A conclusion is that white Christian Americans feel that their identity and socio- economic wellbeing are threatened by Muslims and immigration. US administrations had scapegoated Muslims and immigration for many problems and failures for many years. Moreover, media and opinion-makers have played a significant role of demonization of Muslims and immigrants. In that context, many Americans view the Washington establishments as too incompetent to address those imminent problems. At this point, Donald Trump stepped in the election campaign 2016 with his anti-establishment agenda to play the identity card. He was courageous enough to be politically incorrect and offer unrealistic and drastic solutions and policies to win hearts and votes of Americans. Ultimately, he mesmerized white Christian Americans into voting for him to become the president of the United States of America. But it is too naïve to expect the Trump presidency to cause a drastic change in the US foreign policy. Trump would struggle between efforts to realize the expectations of his electorate and uniting the much divided America. Yet another challenging task is to do all that without harming vital US interests abroad. Furthermore, once he is in the Oval office, Trump will have access to absolutely confidential reports, which would probably soothe his defiant temperament and anti-establishment rhetoric. Anyway, the Trump presidency would definitely refresh both the foreign policy and the domestic policy. Whether that refreshment would turn out positive or negative is much dependent on Trump’s ability to deliver, which is anyone’s guess.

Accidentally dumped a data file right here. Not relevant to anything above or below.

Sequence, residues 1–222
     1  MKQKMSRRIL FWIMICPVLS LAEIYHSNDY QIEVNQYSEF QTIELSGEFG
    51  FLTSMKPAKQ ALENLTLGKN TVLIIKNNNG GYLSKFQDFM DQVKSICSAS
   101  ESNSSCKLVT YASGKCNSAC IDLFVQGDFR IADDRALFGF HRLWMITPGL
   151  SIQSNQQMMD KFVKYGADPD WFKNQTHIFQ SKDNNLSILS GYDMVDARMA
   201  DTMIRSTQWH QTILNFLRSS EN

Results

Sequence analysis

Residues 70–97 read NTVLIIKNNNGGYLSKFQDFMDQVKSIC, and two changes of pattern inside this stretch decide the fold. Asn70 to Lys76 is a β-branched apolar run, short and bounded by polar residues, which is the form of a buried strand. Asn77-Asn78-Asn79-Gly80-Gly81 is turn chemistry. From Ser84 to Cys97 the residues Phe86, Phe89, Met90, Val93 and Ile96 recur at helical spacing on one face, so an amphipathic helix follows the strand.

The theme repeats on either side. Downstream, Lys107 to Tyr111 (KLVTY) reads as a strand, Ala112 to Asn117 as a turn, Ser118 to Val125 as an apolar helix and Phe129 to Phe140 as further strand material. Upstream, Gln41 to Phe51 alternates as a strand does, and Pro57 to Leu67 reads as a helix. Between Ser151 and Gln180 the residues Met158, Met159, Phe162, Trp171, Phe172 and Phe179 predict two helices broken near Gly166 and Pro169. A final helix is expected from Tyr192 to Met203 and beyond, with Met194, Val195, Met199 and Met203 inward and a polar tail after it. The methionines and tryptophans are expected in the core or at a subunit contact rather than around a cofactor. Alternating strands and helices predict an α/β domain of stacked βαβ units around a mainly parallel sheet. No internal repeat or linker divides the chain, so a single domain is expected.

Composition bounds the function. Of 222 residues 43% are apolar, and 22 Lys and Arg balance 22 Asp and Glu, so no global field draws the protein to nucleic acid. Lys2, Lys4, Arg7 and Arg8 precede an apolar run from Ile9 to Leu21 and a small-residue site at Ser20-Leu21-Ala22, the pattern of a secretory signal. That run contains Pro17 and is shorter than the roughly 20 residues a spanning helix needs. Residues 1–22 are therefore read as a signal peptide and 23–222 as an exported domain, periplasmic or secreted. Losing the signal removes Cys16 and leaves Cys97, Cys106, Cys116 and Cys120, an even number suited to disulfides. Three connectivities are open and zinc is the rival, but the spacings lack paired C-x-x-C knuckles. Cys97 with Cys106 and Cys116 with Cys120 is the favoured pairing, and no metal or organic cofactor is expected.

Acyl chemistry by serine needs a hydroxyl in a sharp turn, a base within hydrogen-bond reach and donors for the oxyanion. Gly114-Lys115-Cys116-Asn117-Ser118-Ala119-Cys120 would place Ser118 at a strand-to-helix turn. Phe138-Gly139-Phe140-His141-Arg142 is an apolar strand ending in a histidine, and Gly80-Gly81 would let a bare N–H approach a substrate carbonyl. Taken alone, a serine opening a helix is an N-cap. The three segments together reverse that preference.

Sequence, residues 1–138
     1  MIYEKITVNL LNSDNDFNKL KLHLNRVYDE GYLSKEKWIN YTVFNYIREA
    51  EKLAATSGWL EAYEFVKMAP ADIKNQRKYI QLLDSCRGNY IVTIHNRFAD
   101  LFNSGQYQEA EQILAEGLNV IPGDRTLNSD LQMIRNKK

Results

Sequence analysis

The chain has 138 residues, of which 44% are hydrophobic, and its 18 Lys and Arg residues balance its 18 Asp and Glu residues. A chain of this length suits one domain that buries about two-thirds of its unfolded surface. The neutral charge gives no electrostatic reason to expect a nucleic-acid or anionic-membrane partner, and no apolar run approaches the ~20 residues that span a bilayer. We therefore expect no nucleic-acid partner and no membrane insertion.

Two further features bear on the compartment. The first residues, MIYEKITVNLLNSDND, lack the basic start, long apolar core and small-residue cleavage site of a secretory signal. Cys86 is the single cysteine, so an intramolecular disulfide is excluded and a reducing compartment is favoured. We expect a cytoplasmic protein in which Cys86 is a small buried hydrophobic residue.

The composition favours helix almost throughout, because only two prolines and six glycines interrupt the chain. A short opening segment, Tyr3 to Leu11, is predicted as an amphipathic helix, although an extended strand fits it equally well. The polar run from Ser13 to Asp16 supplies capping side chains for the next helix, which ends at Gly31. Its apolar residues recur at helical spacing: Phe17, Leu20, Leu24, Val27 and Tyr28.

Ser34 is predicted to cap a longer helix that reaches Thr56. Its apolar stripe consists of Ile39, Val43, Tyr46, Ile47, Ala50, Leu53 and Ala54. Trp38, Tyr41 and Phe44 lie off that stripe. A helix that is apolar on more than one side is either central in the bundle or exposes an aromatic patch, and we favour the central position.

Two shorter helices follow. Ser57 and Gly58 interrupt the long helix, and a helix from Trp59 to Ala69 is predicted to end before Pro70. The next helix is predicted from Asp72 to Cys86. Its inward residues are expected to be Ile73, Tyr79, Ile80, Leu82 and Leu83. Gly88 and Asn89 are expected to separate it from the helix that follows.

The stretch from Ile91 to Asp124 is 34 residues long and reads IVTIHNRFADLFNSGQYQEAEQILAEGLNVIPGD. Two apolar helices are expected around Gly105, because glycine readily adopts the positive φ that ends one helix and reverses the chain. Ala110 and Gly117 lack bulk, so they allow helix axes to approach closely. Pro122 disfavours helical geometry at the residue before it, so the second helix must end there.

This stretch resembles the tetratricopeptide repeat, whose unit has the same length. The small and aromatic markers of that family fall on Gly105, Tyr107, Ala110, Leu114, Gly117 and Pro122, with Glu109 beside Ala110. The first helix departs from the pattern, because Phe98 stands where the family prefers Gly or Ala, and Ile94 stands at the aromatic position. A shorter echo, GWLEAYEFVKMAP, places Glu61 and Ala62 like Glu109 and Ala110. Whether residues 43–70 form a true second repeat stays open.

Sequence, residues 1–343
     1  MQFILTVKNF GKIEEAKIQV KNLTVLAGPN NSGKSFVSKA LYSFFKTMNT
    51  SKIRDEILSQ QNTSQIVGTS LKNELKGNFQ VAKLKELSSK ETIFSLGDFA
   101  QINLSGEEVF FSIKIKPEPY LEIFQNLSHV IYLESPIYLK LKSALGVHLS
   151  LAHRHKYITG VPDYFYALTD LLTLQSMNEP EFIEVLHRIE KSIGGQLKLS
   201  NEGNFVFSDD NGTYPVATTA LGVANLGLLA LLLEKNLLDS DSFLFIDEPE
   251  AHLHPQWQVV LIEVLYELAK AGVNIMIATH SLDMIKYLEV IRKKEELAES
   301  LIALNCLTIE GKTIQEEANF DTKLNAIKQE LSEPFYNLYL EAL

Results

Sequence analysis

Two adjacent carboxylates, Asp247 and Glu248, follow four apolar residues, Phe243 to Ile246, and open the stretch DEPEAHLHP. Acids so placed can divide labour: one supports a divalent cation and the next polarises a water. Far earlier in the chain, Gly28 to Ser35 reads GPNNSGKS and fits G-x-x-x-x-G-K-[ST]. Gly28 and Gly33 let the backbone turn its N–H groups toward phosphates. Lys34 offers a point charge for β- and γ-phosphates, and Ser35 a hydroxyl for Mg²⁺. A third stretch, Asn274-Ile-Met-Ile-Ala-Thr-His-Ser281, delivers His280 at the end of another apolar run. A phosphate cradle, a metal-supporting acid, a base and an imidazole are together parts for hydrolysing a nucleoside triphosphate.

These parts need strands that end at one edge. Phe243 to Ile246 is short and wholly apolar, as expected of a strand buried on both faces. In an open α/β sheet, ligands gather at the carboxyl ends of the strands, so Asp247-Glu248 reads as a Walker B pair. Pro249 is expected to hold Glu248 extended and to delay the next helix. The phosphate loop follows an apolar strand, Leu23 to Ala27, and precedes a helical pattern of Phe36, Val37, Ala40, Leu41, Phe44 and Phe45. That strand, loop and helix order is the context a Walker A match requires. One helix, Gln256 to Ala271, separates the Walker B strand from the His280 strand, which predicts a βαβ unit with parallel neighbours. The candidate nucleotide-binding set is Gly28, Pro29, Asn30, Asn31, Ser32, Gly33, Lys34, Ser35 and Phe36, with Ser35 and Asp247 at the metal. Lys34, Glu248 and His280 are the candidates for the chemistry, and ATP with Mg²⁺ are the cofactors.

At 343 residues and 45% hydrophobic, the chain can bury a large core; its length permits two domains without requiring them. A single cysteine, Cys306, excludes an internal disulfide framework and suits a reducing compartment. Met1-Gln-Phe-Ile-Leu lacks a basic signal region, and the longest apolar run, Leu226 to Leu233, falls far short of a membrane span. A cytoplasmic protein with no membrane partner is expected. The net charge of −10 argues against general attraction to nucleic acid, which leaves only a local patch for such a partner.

The future of Russia- Mexico Relations
Mexico has impressive bilateral relations with the Russian Federation. During the last decade, Mexico has been exploring new opportunities with its partners in this part of Europe, in particular, with Russia. In this interview, Ambassador Extraordinary and Plenipotentiary of Mexico to the Russian Federation, H.E. Norma Pensado Moreno, talks about the key priorities, challenges and the economic changes that could possibly influence future bilateral directions of Mexico-Russia.
What are your Government’s priorities in and expectations from the Russian Federation?
Mexico´s Government issued new objectives of foreign policy; one of them is building stronger relations with our partners beyond North America. In this endeavor, Eastern Europe plays a key role. Moreover, due to its dynamism during the last decade, Mexico has a special interest in exploring new cooperation opportunities with its partners in this part of Europe, in particular with Russia.
For Mexico and the Russian Federation, there is great potential in their bilateral relationship. In 2017 and 2018, considerable progress was made in its political dialogue and cooperation in various areas, but a real deepening still remains, mainly in the economic field, in order to match the size of its economies, being both among the 15 biggest in the world.
Both countries are of decisive importance in their respective regions. Within the group of Latin American countries, Mexico occupies an important place for Russia’s foreign policy agenda. For Mexico, Russia is a country with high political, scientific, cultural, energy, tourist, investment and commercial potential.